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China The Military Technology

Why Aircraft Carriers Still Rule the Oceans 718

Posted by Soulskill
from the dolphins-are-slow-to-innovate dept.
An anonymous reader writes "Despite being created during World War I, the modern carrier has evolved to be the pinnacle of modern warfare's best and most visible symbols of power. Nothing says 'show the flag' more than a carrier off an enemy's coast. Some, though, have called the carrier a 21st-century version of a battleship — high on looks and weapons but vulnerable to modern weapons. Critics note air-power killed the battleship; people now suggest super-sonic 'carrier-killer' missiles will make the carrier a relic of the past. With their cost in the billions of dollars, some point to killing off carriers as an obvious cost saving measure. Carriers though still have a lot of uses. Many navies, like India and China, are adding them to their arsenal, and they are still feared by many. While carriers might be old, they are a symbol of power that no missile or submarine below the surface can match yet."
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Why Aircraft Carriers Still Rule the Oceans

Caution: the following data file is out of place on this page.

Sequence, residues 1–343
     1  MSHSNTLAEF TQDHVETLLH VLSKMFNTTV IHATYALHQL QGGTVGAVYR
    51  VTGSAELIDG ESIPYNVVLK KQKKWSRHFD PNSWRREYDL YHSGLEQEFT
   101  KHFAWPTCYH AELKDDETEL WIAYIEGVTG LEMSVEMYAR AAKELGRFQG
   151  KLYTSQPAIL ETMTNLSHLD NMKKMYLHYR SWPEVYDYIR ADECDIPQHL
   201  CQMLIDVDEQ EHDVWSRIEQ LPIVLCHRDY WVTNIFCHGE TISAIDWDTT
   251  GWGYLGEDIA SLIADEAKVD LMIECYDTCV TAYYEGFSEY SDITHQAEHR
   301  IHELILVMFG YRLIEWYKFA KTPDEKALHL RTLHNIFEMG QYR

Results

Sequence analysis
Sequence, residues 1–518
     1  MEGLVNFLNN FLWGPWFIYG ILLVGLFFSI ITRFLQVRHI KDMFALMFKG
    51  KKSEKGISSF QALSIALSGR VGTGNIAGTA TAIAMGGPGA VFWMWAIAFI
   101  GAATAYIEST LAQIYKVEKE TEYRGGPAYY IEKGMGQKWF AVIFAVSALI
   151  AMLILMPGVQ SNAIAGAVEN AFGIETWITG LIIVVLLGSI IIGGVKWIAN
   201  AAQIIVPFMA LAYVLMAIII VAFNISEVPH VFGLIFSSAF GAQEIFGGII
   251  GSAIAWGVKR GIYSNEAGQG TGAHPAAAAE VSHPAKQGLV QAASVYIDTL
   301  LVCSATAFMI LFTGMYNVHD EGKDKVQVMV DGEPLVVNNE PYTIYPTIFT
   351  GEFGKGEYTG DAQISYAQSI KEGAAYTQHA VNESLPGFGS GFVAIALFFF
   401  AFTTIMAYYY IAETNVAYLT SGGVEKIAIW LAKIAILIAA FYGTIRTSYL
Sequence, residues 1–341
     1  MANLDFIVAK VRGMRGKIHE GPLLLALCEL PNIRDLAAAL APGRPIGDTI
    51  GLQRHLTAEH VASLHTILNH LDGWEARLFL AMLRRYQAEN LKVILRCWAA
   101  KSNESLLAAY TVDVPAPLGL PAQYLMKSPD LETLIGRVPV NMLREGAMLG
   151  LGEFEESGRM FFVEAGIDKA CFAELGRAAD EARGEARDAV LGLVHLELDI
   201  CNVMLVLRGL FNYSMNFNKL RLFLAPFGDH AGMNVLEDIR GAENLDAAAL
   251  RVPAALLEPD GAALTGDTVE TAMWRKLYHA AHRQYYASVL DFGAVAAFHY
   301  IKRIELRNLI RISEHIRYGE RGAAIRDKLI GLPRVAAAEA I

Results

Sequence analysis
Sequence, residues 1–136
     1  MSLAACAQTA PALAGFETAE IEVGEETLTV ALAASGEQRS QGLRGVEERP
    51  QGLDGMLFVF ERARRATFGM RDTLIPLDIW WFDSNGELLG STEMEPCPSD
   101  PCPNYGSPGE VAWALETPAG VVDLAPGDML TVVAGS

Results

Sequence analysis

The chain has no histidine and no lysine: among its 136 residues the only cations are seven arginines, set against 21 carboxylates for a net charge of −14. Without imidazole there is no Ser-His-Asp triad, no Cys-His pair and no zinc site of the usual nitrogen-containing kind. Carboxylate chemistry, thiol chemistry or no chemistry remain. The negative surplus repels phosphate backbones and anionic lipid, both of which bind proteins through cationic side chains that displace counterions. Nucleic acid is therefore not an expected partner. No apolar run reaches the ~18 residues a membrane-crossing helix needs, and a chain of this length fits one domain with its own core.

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  • That's simple... (Score:5, Interesting)

    by Mashiki (184564) <mashiki AT gmail DOT com> on Tuesday September 18, 2012 @04:28PM (#41378905) Homepage

    Because we haven't got railguns yet to slap onto battleships. We'll almost contently see the return of it in our lifetime. When it does happen you can be sure you'll see cruisers with small versions if they can get away with it. But you'll see very worlds military building battleships with those suckers as soon as they think they can.

      But let's be honest, despite what the article says, there's a few other reasons besides power projection. Pirates, shipping lane protection, and they work much better for disaster relief than a couple of cruisers. The capacity just isn't there. But a carrier is a city onto itself. Besides, it's hard to get a small aircraft that does tactical attacks halfway across the world to take out a pirate base. Bombers sure, but by the time it's in the air they could have scuttled.

  • by boner (27505) on Tuesday September 18, 2012 @04:43PM (#41379137)

    US carriers have been routinely sunk by canadian, australian, dutch and english subs. As another commentator mentioned, aircraft carriers are great for projecting power against an inferior enemy, not as much when facing a sophisticated foe.

  • by boner (27505) on Tuesday September 18, 2012 @04:46PM (#41379189)

    Sinking a US carrier by being undetected has been demonstrated. see http://www.dutchsubmarines.com/boats/boat_walrus2.htm [dutchsubmarines.com]

  • by perpenso (1613749) on Tuesday September 18, 2012 @04:50PM (#41379239)

    What we need is a submarine aircraft carrier!